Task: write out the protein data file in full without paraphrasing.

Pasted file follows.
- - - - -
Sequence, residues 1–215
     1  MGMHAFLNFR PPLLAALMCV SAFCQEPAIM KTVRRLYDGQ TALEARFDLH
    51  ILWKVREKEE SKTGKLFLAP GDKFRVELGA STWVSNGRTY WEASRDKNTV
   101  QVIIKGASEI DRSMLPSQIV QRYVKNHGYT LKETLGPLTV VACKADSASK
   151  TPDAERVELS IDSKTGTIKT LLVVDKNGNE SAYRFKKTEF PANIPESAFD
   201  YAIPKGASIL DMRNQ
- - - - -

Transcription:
Sequence, residues 1–215
     1  MGMHAFLNFR PPLLAALMCV SAFCQEPAIM KTVRRLYDGQ TALEARFDLH
    51  ILWKVREKEE SKTGKLFLAP GDKFRVELGA STWVSNGRTY WEASRDKNTV
   101  QVIIKGASEI DRSMLPSQIV QRYVKNHGYT LKETLGPLTV VACKADSASK
   151  TPDAERVELS IDSKTGTIKT LLVVDKNGNE SAYRFKKTEF PANIPESAFD
   201  YAIPKGASIL DMRNQ